The output of SRAM 211 and the output of maximum count register 241 are provided to compare logic circuit 243. The output of compare logic circuit 243 and interval timer 245 are provided to a second 2:1 multiplexer 247.
The output of compare logic 243 is further provided to an auto index control logic circuit 223. Auto index control logic 223 includes three inputs: a STOP input connected to receive the output of compare logic 243, an ENABLE input connected to receive an enable signal from a page access monitor control register 227, and a START input connected to receive an externally generated READ PORT SELECT signal. Auto index control logic 223 provides a control signal to an auto index counter 225. Auto index control logic 243, auto index counter 225 and control register 227, operate, as will be described below, to sequentially read the contents of page access counters 512.
Prior to the start of monitoring operation, range register 215 is programmed for the desired base range of memory pages to monitor. When the page access monitor logic is initially enabled, all the page access counters are reset to a value of zero. In the implementation shown using SRAM 211, each location within SRAM 211 is sequentially accessed through operation of auto index counter 225 and set to a value of zero. Monitoring of bus activity thereafter begins.
The address of the active transaction on the processor bus selects a unique page access counter, and the contents of the counter are incremented if the address is in the range specified by range register 215. Every transaction on the system bus that is within the range specified by the range register will increment a specific page access counter. The page access counter typically corresponds to an address range equal to the page size of the operating system, but could be of any granularity. The current implementation has two page size selections: a standard page size of 4K bytes and a 2 Mbytes page size. The larger page size mode, referred to as "Glob Page Mode" is used to perform a quick search of memory for most active sections.
The page access monitoring logic, as shown in FIG. 2 supports two modes of operation: a maximum count sample mode and a timed sample mode. In the maximum count sample mode the page access monitoring logic shown in FIG. 2 monitors processor bus activity until a particular page access counter exceeds a value programmed into the maximum count register 241, as illustrated in the flow diagram of FIG. 3. At the initiation of operation, maximum count register 241 is loaded with a maximum page access count value (step 302) which is the number of page accesses permitted to a particular page address before a page access monitoring interrupt signal is generated by the monitoring logic indicating the end of a sample period. Range register 215 is also programmed with an address value which defines the group of pages to be monitored (step 304). Also at this time, the page access counters are each set to contain a zero count (step 306).
Monitoring transpires with the successive capture of addresses for active transactions as they are presented on the processor bus (step 308). Following the capture of an address, the captured address is compared with the range of addresses specified by range register 215 (step 310). If the captured address is within the range of addresses specified by the range register, than the page counter contained within SRAM 211 corresponding to the captured address is incremented by one (step 312). If the captured address is not found to be included in the range of monitored addresses, no additional action takes place concerning the captured address.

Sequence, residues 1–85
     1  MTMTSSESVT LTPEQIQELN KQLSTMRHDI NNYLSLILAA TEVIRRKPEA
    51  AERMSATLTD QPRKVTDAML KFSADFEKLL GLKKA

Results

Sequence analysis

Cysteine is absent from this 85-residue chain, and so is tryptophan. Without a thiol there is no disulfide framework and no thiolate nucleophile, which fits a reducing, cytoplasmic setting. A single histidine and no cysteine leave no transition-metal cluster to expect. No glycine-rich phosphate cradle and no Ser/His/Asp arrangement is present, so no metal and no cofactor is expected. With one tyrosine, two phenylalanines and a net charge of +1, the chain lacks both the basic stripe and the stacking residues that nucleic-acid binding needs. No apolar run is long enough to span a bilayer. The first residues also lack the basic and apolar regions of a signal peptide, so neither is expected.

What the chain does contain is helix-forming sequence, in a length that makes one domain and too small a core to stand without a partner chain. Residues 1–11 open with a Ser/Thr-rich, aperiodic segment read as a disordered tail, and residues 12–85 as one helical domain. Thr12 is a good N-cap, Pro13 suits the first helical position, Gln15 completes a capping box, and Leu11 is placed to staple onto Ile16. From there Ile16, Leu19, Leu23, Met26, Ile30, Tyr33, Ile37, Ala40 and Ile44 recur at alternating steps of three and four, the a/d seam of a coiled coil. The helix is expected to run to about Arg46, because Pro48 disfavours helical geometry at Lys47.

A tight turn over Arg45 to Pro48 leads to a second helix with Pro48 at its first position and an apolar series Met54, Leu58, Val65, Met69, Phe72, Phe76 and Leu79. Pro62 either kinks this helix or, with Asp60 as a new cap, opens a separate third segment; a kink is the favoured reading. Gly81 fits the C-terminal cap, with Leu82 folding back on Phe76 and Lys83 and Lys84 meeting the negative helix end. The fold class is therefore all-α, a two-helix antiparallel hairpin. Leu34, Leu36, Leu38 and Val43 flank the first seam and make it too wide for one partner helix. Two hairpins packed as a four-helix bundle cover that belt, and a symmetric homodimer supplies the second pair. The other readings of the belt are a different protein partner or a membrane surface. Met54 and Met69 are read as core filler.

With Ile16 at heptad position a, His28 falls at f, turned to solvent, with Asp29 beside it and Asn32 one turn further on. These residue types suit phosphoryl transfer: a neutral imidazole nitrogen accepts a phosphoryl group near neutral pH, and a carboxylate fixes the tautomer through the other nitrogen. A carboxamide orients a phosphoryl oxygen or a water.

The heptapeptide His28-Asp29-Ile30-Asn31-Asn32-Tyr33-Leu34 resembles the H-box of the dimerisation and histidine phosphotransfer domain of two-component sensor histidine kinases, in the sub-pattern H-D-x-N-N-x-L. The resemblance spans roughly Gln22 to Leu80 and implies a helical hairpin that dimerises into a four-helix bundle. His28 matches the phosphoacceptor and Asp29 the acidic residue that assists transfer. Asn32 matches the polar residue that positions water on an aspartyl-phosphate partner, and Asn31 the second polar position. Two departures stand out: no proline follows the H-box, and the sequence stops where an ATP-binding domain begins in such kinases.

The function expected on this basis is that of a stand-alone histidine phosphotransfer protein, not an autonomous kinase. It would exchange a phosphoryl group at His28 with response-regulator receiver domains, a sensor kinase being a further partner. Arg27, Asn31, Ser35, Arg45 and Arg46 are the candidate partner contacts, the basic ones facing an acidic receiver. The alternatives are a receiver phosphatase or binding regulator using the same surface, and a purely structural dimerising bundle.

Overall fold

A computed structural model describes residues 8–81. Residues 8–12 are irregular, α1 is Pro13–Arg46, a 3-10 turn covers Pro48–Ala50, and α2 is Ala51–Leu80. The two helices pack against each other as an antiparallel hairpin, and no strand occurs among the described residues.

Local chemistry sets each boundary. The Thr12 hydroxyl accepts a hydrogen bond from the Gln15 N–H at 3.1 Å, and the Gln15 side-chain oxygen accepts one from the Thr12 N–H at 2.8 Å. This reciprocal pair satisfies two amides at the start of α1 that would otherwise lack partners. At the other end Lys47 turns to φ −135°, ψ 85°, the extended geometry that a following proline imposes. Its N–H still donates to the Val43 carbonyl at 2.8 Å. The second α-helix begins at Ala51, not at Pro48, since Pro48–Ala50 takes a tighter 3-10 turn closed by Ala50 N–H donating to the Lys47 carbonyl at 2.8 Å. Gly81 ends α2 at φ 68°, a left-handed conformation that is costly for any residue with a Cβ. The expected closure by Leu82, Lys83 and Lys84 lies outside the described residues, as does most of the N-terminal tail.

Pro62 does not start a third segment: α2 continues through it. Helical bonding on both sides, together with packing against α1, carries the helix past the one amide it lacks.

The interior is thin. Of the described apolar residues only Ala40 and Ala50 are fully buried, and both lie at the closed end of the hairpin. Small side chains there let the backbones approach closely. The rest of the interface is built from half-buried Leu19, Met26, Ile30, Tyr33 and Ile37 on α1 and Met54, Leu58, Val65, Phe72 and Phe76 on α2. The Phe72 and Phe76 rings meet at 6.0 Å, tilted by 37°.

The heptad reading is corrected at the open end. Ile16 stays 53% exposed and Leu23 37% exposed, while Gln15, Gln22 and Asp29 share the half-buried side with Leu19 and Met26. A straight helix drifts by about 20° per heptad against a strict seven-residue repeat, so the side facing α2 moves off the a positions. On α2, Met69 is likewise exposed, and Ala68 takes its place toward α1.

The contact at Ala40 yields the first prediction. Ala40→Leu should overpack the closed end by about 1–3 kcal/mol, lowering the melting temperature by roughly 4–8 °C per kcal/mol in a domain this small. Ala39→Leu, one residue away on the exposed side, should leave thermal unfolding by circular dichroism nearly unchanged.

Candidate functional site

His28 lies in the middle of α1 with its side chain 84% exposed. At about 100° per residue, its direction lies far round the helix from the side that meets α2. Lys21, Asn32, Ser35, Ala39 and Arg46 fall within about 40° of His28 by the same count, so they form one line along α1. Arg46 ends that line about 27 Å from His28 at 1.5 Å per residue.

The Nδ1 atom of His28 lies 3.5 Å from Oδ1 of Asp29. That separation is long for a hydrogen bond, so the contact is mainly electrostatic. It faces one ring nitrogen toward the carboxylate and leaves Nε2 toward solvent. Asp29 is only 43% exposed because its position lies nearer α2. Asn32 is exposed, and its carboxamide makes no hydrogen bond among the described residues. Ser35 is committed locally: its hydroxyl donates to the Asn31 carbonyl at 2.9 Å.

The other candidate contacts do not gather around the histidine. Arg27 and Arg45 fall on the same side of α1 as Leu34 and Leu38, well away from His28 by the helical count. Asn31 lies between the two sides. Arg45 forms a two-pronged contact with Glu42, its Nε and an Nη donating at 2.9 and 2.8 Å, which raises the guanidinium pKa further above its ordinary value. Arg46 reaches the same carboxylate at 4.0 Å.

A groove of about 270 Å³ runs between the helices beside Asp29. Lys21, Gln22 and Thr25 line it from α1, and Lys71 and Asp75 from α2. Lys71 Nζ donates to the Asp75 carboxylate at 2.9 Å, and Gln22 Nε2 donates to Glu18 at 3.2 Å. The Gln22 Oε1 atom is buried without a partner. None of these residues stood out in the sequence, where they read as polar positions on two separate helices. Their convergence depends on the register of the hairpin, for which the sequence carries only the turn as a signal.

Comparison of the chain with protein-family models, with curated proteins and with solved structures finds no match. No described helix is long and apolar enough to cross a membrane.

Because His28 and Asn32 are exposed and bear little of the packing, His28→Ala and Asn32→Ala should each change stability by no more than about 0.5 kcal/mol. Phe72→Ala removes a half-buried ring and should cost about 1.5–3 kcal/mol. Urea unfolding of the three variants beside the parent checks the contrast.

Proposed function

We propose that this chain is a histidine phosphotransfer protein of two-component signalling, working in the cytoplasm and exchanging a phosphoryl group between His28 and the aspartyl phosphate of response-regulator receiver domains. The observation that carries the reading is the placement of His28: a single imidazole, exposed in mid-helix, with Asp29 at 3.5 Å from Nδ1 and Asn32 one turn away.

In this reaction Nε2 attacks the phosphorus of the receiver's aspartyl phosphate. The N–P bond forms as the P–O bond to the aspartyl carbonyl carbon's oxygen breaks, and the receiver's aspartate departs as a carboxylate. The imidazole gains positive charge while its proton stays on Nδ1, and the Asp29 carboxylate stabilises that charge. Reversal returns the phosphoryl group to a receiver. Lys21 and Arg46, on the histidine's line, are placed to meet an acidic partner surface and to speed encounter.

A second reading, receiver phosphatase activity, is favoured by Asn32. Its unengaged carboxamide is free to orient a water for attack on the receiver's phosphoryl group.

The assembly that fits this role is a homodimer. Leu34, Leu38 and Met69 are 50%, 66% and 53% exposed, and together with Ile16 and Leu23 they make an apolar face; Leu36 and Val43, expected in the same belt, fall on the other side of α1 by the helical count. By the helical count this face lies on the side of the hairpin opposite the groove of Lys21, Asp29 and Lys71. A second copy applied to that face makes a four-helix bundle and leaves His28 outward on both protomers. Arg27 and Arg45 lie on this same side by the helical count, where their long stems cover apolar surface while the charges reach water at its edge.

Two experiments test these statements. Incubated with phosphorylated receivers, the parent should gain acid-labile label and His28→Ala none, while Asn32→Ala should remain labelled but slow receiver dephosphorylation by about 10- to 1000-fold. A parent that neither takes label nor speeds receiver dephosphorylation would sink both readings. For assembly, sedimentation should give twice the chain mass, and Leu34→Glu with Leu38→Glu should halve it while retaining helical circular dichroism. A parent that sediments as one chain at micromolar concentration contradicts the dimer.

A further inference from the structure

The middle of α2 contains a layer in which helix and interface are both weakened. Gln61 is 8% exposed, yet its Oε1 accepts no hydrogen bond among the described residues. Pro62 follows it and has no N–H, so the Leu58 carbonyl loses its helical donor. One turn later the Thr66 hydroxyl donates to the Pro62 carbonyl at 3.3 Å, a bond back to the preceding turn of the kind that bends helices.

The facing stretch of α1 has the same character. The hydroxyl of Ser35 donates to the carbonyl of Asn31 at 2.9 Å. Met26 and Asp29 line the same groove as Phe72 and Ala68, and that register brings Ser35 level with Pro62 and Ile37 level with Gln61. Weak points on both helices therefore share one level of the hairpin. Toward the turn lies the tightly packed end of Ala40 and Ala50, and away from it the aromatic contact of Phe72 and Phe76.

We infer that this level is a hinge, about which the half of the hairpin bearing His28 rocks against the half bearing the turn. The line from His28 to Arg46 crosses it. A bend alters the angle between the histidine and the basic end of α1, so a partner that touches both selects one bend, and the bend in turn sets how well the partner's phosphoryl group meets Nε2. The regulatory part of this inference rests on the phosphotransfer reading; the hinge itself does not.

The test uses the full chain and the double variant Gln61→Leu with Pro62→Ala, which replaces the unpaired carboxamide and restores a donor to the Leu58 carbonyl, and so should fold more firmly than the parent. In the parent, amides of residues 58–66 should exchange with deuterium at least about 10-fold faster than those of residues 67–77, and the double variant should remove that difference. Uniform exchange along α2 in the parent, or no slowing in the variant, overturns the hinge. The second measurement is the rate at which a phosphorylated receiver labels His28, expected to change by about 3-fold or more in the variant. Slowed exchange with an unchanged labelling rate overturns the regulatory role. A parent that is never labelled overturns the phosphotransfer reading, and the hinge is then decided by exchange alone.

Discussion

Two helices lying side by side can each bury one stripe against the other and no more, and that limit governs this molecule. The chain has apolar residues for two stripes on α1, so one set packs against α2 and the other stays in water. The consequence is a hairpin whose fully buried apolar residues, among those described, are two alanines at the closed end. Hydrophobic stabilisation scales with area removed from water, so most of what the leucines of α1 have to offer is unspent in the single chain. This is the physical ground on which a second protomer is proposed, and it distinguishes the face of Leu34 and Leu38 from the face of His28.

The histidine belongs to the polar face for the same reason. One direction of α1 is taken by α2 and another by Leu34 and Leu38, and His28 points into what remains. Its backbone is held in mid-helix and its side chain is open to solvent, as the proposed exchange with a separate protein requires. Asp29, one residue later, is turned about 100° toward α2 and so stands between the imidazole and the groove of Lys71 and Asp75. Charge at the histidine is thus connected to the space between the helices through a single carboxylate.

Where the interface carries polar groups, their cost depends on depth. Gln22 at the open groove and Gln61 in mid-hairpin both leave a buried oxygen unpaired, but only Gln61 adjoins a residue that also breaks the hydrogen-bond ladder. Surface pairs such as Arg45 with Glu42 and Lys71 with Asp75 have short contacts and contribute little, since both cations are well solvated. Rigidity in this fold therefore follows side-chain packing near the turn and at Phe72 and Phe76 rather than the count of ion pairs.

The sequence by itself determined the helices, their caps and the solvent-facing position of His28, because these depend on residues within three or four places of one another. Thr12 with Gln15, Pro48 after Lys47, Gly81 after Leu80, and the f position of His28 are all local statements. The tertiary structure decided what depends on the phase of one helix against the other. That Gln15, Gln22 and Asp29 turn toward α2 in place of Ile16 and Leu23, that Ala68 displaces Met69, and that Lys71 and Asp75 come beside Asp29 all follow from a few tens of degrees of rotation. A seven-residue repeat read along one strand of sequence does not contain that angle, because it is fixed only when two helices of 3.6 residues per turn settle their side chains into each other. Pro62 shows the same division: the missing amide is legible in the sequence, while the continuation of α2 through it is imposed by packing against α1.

Steps 308 through 312 are repeated for successive addresses captured from the processor bus until the count contained within any page access counter grows equivalent to the maximum page access count value contained within maximum count register 241 (step 314). Once this occurs, the page access monitoring logic will generate a page access monitoring interrupt signal indicating that the sampling for the range of page addresses currently specified by range register 215 has been completed. The monitoring interrupt signal is provided to system software.
Upon receipt of the monitoring interrupt signal, system software operates to reprogram maximum count register 241 with a minimum count or "search" value (step 316). This minimum count value can not exceed the maximum count value previously loaded into maximum count register 241.
The page access monitoring logic is placed in an auto-search mode, and auto index control logic circuit 223 placed into an enabled state, by setting a search mode bit within page access monitor control register 227. A search through the page access counters to identify counters containing count values which exceed the minimum count value loaded into maximum count register 241 thereafter begins when the system software provides a READ PORT SELECT signal to the START input of auto index control logic circuit 223.
Auto index counter 225, under direction of auto index control logic circuit 223 sequentially addresses the page counters contained within SRAM 211. As each page counter is addressed, the count value contained therein is compared with the minimum count value contained within maximum count register 241 (step 318). When a count value is found which matches the search criteria, a search interrupt signal is generated by compare logic 243 and provided to the STOP input of auto index control logic circuit 223 and to the system software. The system software can then read to system memory the contents of the matching counter along with an index that identifies the counter number and therefor the address of the system memory page which corresponds to the counter (step 320). The system software thereafter resumes the search operation by providing a READ PORT SELECT signal to the START input of auto index control logic circuit 223.